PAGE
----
Ireland53° 36' 15.4656" N, 10° 2' 2.5332" W
During the bitterly cold but beautifully crisp weather before Christmas last year I visited the picturesque church and graveyard at the western end of Renvyle peninsula. The historic graves project was in a trial phase at that point and I was there to do a test photographic survey of the memorial inscriptions in the historic section of the graveyard.
I was using my standard work camera, an old digital Fuji Finepix, which I find great, combined with a GPS tracker in my Sony Ericsson Xperia smartphone. The methodology employed was to synchronise the date and time stamp on both devices and marry them later with software like Geosetter to produce geotagged photographs of the memorials. The morning’s trial was devised to check the methodology and also the accuracy of the GPS tracker in the Sony Ericsson phone. This was one of many tests which were run in order to achieve optimum results while balancing equipment cost and ease of use.
Location and History of Renvyle Church and Graveyard
Renvyle peninsula looked stunning in the crisp morning air and the island of Inishboffin loomed large to the west. Inishturk, Clare Island and Achill were all visible to the north and Croagh Patrick and Mweelrea could both be seen to the north-west and west.
The ruinous church is named as both ‘Renvyle church’ and the ‘Church of the Seven Daughters’ on the Ordnance Survey maps of the area. It is a medieval building with three surviving walls—the western wall has collapsed. It has a doorway with a pointed arch in the northern wall and fine single light window in the eastern wall. The church is surrounded by a hilly partly overgrown historic graveyard. A modern graveyard occupies the flatter ground to the north of the church. An overgrown holy well also dedicated to the seven sisters lies 100 m to the north of the church.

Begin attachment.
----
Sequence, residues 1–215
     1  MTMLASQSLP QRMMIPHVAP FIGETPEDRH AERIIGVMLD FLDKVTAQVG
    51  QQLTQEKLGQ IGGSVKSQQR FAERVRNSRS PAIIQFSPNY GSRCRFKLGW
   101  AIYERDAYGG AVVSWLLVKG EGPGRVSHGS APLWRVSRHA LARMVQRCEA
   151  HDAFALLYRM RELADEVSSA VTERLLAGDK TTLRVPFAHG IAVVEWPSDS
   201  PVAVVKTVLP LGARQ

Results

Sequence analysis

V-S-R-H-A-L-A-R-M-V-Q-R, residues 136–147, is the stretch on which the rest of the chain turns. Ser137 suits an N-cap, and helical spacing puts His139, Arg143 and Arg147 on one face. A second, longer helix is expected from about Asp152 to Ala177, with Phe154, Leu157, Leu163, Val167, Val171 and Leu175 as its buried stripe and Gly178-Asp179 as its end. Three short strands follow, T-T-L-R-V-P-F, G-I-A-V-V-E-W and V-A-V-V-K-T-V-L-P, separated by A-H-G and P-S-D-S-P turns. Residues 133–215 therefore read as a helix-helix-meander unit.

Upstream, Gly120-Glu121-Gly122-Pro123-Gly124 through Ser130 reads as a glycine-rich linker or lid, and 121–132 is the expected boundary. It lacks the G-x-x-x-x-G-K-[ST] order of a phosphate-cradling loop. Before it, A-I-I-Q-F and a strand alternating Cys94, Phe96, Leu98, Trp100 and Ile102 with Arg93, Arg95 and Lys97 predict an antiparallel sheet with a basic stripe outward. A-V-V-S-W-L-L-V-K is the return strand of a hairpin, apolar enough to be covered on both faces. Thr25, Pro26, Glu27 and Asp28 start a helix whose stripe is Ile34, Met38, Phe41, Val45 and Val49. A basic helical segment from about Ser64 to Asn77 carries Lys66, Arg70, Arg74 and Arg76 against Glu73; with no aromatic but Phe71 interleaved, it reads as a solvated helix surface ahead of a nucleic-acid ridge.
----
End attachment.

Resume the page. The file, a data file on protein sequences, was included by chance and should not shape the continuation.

According to Tim Robinson in his illuminating book Connemara the last pool of darkness ‘one comes across wells of the Seven Daughters at several places in Connemara and there are traces of another church of the seven daughters on Inis Oírr in the Aran Islands'. Robinson also recounts that Roderick O’Flaherty writing in 1684 says of the seven daughters that ‘some call them by tradition the daughters of a British King, others of a King of Leinster'. A nineteenth century footnote in O’Flaherty’s work suggests that there was a cursing stone by the well until the parish priest took it away and buried it, ‘at which the people were much dissatisfied’.
The historic graveyard is full of interesting grave memorials however a statue of an angel at one of the graves is frequently photographed and has become a sort of icon for the graveyard as a whole. Numerous unmarked grave markers also cover the hilly ground surrounding the church and the individual distinctive shape of all the markers may have allowed families to identify the graves of family members, neighbours or friends.
The graveyard is listed on the historic graves website however the geotagged photographs have been removed due to the test nature of the photographic survey. I am really looking forward to returning and conducting a full survey with our streamlined methodology which the grave memorials in Renvyle graveyard helped to shape and refine